Editorial: Feeding the Student Body

Students waiting in line at Pandinis, a dining option in the Student Union.
Students find the dining options in Hasbrouck and the Student Union limited.

Campus Auxiliary Services (CAS) has started to make changes to campus dining and student eating options.

CAS’ Executive Director, Steve Deutsch, said that along with the addition of the Shop24 vending machine, CAS is also looking to have a contract with a food service provider signed in the future.

We at The Little Rebellion hope that in the search for a new food service provider, CAS will listen to the student voice the most. We also hope that student concerns will be seen as the most important in CAS’s eyes.

Members of the student senate have encouraged the student body to get involved and share their opinions concerning campus dining with CAS, and we hope that students see how important it is to make sure their voice is heard.

We commend CAS for wanting the food service provider that gives the most local options and hope they will go through with this desire. Not only would going local be the best option for the economy, but more than likely, going with a local food service provider will be a healthier option for students as well.

However, while we do applaud CAS for their desire to go local, the student voice and preference is what should be at the forefront of choosing a food service provider.

Last semester, students and faculty members raised concerns about how Sodexo treats their employees and the quality of the food they serve. Discussions and meetings were held, and the effort put into getting the word out cannot be overlooked.

Student Senator Roberto LoBianco recently said that he and other students on campus were disappointed with the choice to install a Shop24 vending machine on campus, as it goes against going local and environmental sustainability. Despite the complaints and the data LoBianco collected about student opinion on Shop24, the school is still investing in it.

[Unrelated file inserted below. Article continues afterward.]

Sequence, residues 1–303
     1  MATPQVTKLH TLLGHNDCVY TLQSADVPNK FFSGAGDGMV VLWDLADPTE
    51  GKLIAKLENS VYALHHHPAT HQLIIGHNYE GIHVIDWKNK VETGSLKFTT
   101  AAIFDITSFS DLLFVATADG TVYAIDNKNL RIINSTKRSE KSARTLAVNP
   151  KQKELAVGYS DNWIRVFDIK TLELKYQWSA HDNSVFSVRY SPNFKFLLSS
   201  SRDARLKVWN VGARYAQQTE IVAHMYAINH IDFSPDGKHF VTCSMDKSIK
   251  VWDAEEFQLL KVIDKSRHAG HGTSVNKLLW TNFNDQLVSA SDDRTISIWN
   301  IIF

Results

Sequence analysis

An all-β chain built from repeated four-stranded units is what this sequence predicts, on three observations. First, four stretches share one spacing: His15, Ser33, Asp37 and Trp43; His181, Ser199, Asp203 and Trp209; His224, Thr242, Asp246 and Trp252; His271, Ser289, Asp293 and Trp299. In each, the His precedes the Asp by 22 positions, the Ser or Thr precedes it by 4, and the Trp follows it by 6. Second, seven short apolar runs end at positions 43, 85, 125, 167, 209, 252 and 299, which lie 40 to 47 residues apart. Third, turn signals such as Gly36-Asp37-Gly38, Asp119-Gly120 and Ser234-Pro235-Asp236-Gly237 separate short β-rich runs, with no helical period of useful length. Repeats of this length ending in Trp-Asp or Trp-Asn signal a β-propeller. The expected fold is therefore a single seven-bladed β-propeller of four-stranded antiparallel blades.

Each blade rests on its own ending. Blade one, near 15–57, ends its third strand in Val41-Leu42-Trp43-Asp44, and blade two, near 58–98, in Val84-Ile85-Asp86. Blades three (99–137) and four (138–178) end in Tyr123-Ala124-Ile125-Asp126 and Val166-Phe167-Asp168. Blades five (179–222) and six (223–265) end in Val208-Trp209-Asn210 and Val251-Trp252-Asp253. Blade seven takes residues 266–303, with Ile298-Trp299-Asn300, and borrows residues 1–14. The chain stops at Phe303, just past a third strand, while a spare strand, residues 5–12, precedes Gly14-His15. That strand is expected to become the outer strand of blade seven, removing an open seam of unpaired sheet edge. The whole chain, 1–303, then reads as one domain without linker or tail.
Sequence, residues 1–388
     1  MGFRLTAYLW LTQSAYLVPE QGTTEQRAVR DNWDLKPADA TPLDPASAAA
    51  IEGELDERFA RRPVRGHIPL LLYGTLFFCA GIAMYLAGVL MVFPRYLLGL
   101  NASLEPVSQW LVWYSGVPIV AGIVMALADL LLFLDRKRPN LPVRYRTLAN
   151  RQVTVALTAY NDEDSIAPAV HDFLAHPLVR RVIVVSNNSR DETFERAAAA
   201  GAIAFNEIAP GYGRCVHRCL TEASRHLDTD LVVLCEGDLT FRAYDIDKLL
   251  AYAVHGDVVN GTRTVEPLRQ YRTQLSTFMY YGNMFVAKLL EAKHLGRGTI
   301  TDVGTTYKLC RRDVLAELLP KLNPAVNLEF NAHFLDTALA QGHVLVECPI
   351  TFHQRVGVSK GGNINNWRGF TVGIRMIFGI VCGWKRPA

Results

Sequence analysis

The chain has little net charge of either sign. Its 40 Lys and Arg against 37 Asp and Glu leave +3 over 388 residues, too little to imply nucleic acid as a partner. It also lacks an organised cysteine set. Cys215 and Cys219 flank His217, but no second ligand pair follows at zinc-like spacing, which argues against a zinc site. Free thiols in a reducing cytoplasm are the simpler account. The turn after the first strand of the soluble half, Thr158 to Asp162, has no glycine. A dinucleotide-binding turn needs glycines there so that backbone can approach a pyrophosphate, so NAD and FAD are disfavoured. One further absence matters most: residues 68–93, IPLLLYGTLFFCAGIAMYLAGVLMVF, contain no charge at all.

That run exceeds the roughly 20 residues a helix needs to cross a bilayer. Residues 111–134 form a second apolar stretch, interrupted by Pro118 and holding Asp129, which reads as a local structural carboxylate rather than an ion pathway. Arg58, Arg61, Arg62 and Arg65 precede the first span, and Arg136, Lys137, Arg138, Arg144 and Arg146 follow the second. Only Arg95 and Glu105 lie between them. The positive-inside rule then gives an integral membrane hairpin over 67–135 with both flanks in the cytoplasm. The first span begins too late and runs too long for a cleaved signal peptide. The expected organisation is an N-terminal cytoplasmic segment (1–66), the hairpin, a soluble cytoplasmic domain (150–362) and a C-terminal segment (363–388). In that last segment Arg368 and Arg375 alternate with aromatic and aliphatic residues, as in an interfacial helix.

If students and professors were and still are willing to take the time to voice their concerns, we believe it only fair and expected for CAS to listen to what they have to say. If the student majority is unhappy with what is currently in place, then it is the responsibility of CAS to change it and find something that better complements student desire.

We also hope CAS listens most to students because at the end of the day, it is the students who are most affected by the food that is made available on campus.

Students who live on campus are especially reliant on dining dollars and meal swipes, as most of what they consume is food that you find on campus. While there are plenty of options for students now, those options mean nothing if none of them are ideal.

We believe that it would be in the best interest of CAS to make themselves transparent to the campus community when it comes to the issue of who the next food service provider will be. One way we believe CAS can hear the student voice is to have discussions leading up to the choice of picking a new food service provider.

If this were to be the case, students would have a place to go where they know their voice is being heard and accounted for.

In the search for a new food service provider, we can only ask and hope that CAS will keep student opinion at top consideration when it comes time to make a choice in who a contract is offered to.

Little Rebellion

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